President James Madison’s proclamation of war against Great Britain. (Library of Congress. Click for larger image.)
I’m not hearing a lot about the 200th anniversary, on Friday, of President James Madison asking Congress to declare war on Great Britain, opening the way to the War of 1812. The president’s message outlined the provocations that led to war, and it reads like a musty reminder of junior high history class: impressment of American sailors into British service; British interference with American commerce and a naval blockade of U.S. ports; Britain’s insistence that the United States repudiate its diplomatic and commercial detente with France; and British support for Indian raids on the American frontier. The president concluded on what today is a foreign-sounding note:
“Whether the United States shall continue passive under these progressive usurpations and these accumulating wrongs, or, opposing force to force in defense of their national rights, shall commit a just cause into the hands of the Almighty Disposer of Events … is a solemn question which the Constitution wisely confides to the legislative department of the Government. In recommending it to their early deliberations I am happy in the assurance that the decision will be worthy the enlightened and patriotic councils of a virtuous, a free, and a powerful nation.”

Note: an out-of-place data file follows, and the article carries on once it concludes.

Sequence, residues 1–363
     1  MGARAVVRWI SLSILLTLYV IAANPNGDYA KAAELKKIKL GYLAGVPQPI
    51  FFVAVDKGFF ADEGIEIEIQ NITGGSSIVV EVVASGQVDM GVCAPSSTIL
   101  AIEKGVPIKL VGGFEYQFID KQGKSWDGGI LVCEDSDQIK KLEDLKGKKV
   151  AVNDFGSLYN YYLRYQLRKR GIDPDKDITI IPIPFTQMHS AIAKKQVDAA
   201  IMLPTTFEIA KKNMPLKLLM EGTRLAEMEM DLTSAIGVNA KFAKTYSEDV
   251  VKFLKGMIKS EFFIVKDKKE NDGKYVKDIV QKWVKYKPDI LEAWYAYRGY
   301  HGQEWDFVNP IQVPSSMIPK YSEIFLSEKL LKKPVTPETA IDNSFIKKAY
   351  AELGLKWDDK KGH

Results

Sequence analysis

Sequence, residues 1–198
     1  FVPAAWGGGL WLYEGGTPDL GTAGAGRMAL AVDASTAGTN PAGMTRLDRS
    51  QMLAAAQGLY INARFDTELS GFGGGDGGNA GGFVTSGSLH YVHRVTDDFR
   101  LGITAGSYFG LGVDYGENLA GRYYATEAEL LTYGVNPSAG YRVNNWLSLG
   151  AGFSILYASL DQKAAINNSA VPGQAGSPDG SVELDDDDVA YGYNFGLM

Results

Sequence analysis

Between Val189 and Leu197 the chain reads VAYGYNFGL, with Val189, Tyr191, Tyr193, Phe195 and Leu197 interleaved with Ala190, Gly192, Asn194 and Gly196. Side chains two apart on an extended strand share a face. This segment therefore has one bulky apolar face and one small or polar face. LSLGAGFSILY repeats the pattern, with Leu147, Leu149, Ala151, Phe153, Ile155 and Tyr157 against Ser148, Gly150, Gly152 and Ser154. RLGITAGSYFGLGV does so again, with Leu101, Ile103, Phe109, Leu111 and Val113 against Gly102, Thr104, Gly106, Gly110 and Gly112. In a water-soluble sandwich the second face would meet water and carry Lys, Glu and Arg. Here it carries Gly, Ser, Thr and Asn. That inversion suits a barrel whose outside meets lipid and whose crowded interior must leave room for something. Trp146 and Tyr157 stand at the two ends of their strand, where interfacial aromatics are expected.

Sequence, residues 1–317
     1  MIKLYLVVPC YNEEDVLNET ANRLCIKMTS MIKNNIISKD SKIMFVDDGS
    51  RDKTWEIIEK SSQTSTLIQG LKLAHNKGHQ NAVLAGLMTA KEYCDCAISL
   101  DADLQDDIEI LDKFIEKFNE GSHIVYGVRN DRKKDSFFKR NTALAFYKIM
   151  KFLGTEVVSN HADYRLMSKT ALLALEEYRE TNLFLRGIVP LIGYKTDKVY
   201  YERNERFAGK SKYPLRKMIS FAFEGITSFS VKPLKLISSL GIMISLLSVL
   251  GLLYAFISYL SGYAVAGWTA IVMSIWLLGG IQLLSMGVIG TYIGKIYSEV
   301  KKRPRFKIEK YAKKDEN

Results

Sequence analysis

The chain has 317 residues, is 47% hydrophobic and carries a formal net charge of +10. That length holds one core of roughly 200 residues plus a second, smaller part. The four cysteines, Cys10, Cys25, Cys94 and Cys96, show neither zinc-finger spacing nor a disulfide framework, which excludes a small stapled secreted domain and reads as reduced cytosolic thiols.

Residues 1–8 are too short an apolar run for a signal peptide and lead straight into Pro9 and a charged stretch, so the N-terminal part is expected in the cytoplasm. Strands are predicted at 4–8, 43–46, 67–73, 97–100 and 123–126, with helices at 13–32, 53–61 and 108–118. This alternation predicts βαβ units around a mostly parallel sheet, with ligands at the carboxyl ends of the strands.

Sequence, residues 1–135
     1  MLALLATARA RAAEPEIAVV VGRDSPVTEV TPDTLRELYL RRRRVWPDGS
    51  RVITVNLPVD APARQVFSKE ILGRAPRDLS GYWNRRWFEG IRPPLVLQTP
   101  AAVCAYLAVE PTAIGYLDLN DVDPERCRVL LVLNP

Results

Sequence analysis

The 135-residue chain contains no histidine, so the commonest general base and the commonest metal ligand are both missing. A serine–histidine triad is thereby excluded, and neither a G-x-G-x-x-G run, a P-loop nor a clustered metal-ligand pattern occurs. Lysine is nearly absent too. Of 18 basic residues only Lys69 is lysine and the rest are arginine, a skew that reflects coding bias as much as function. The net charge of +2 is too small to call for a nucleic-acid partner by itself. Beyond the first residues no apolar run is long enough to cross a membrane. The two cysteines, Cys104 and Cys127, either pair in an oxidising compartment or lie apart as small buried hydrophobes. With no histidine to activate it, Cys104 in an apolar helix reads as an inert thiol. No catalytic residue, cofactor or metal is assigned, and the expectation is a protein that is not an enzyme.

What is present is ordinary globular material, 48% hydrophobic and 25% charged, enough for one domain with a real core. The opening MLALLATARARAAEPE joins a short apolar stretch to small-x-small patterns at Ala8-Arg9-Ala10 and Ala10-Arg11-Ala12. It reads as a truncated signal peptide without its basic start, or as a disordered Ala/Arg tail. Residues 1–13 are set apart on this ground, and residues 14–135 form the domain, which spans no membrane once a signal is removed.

“Foreign-sounding” because—well, when’s the last time a president treated the legislative branch as if it had a real role in deliberating whether the nation goes to war or not? That’s despite living in an era of one war (or conflict, or police action, or retaliation, or high-level drug bust) after another. Since the last time a president deigned to go before Congress, we’ve fought in Korea, Vietnam, the Dominican Republic, Cambodia, Laos, Grenada, Libya (Reagan edition), Panama, Iraq, Somalia, the Balkans, Afghanistan, Iraq, Libya (Obama edition). The only question is who’s next.
Oh, yes: Congress is still a convenient fig leaf for a determined chief executive. A recent president, addressing the nation on the need to go to war to eliminate weapons of mass destruction in a foreign land ruled by a former ally, noted that “recognizing the threat to our country, the United States Congress voted overwhelmingly … to support the use of force.” The president didn’t see fit to mention the campaign of lies and half-truths he and his underlings waged to persuade the legislators and the people that the danger was imminent. That wouldn’t become universally understood until later. But the president left no doubt about his view about where the sole responsibility for committing the nation’s blood and treasure lay:
“Before the day of horror can come, before it is too late to act, this danger will be removed. The United States of America has the sovereign authority to use force in assuring its own national security. That duty falls to me as commander in chief by the oath I have sworn, by the oath I will keep.”
In Madison’s case, asking Congress for a declaration of war was more than a gesture undertaken by an executive who took it for granted he could do whatever he pleased. Congress had never considered such a request before. And it took nearly three weeks before they approved. When they did, it was with plenty of opposition: the House passed the resolution 79-49, the Senate went along, 19-13.